Fighting Hate With Education and Empowerment

“We are not saying that every time that someone tells a joke it’s going to end in genocide, but we do believe that where there’s genocide, that started with the foundation of attitudes of bias.” – Melissa Licali

On October 27, Robert Gregory Bowers, a 46-year-old white male, allegedly entered the Tree of Life Synagogue – or L’Simcha Congregation, – called out loudly, “All Jews must die,” and opened fire. By the time he stopped and was arrested, Bowers had killed 11 people.

No matter how many times America experiences a mass shooting, it’s never normal. Unfortunately, it’s become a regular part of our national conversation. Mass shootings in an age of social media have often come back to those who engage in hate speech. Although there are different reasons for violent acts, the connection to online activity is becoming more and more common. Bowers regularly posted online about his hatred for Jews. Last Friday at the New Orleans Jewish Community Center (JCC), Melissa Licali, the Education Director of the Anti-Defamation League, and also a Bully Prevention Specialist on behalf of the Anti-Defamation League, conducted the Empowering Young People in the Aftermath of Hate Workshop, an event to help educate teachers in ways to prevent hate speech. Covering everything from childish taunts to genocide, Licali led a reasoned, but impassioned, discussion on how to better prepare children for the modern “Alt-Right” world.

About her workshop, Licali says, “We teach both educators and parents of students how to process and talk about what happened this past weekend (the shooting), and other incidents of hate that we see happening around us.” Later, she added, “We provide activities and discussion questions, and a platform for people to talk about their own feelings, their own thoughts, in what we like to call a safe or a brave space.”

Danitra Wansley concurs. She is an educator who attended the workshop. Performing various exercises together, she shows me how this can help engage students. “What I gained from this conversation is a space for educators for parents and family members to come together to discuss how to support our young people as they’re processing recent events that have demonstrated hate, and also how to move beyond that, and to show some light in the midst of darkness.”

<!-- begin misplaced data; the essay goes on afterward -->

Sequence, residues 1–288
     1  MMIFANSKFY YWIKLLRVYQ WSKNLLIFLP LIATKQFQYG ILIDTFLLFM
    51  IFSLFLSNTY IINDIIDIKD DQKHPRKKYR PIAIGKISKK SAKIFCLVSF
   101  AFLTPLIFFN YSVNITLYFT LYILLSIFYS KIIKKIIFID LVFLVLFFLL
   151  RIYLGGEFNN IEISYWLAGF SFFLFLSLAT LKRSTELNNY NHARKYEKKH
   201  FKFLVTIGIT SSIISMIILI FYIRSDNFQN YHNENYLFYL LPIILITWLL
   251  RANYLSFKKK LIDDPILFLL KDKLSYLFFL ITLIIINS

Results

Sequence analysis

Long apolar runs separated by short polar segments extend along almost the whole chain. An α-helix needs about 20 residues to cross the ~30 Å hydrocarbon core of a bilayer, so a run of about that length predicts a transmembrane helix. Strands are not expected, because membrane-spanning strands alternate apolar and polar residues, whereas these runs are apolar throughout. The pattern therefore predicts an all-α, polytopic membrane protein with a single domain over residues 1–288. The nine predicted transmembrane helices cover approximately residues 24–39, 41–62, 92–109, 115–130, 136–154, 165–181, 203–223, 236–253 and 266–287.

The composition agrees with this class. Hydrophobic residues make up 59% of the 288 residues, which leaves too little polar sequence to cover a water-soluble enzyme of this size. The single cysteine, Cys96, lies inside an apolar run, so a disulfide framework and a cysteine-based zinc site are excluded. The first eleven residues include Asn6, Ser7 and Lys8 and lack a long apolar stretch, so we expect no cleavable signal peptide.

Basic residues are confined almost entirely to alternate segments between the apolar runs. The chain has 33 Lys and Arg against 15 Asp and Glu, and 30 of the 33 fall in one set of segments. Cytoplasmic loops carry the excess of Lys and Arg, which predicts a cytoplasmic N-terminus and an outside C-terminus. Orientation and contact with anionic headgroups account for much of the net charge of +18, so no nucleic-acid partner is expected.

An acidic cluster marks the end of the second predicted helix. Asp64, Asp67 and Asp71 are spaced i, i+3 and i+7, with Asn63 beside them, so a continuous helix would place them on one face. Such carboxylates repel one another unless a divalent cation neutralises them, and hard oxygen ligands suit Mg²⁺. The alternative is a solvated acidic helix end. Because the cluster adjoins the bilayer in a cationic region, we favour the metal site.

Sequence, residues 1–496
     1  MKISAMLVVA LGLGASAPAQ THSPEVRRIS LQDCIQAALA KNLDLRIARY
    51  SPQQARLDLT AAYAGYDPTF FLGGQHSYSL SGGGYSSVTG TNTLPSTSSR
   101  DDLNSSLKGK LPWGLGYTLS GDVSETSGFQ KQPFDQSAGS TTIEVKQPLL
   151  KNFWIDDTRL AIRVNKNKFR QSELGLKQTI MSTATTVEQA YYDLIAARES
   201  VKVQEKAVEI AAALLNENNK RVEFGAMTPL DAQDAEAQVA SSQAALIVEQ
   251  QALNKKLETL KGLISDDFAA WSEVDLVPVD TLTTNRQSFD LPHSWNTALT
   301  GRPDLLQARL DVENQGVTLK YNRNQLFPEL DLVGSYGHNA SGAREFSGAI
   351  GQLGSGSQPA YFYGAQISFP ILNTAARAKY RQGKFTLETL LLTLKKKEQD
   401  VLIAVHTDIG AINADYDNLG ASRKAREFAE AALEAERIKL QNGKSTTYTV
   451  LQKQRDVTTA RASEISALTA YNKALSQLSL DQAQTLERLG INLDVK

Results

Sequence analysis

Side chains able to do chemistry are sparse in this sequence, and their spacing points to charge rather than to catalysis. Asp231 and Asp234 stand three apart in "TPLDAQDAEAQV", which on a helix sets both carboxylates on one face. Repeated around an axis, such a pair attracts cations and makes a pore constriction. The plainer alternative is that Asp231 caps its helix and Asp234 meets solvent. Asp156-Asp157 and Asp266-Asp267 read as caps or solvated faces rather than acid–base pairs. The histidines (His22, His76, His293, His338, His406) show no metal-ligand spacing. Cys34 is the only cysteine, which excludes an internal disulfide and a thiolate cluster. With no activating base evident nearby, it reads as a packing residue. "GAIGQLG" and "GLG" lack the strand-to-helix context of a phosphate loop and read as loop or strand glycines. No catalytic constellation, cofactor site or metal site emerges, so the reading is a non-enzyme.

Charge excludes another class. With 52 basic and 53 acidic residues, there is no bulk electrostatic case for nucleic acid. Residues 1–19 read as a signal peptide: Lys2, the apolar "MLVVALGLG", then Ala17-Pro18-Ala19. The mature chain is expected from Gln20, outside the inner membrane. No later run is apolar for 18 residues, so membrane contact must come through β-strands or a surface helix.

The workshop focused on a Pyramid of Hate. “We at ADL use the Pyramid of Hate as a visual, so people can see exactly the escalation of hate, how it doesn’t just start maybe at genocide or the annihilation of a people. It actually starts at the foundation, with bias-based attitudes.”

Looking at the bottom of the Pyramid, biased attitudes start as innocuous; as stereotyping or insensitive remarks. But soon these easily lead to “acts of bias.” According to Licali, “Those can sometimes appear on the platform in the form of jokes and slurs, and then it goes up from there.” She explains, “’attitudes of bias’ can turn into prejudice, which turns into discrimination, which turns into acts of violence, which ultimately turn into genocide.”

From biased attitudes to biased acts is an easy jump. Small, but easy jumps up the Pyramid, which can go unnoticed until it’s too late. Robert Bowers didn’t wake up one day and immediately decide he was going to kill Jews. It was a process. Licali says, “It’s not a great jump from one thing to the next. We see it in discrimination. We see it in housing and other areas. But it starts as a foundation with just slurs and jokes.”

“Now, we’re not saying that every time that someone tells a joke it’s going to end in genocide, but we do believe that where there’s genocide, that started with the foundation of attitudes of bias.”

The Pyramid of Hate is only one tool in this process of helping students become more informed. “We also add the Pyramid of Ally-ship,” she says.

“We come up with ideas, and tangible things that we can take with us, to combat and to challenge those attitudes: the discrimination, the prejudice; so maybe it might be at the bottom level, interrupting a joke or a slur. Maybe it might be for discrimination, rallying with someone against housing discrimination, or some other form of discrimination. When it’s genocide, maybe it’s donating money to an organization that helps with these things. So there are things that we can do, and we want our participants to leave with an action plan that they can take with them.”

After nearly two hours, the event concluded, the speaker sat down to talk with me, and most of the people left, but a question hovered in the air: Would this workshop make a difference?

Attendee and educator Wansley believes that it does.

“This workshop is important and remains more critical than ever, as we continue to see events that are rooted in bias, as we move up to bigger, more harmful incidents, it’s even more important to have these conversations with young people.”

Michael David Raso has worked as a writer, editor, and journalist for several different publications since graduating from the University of Louisiana at Lafayette. If you like this piece, you can read more of his work here.

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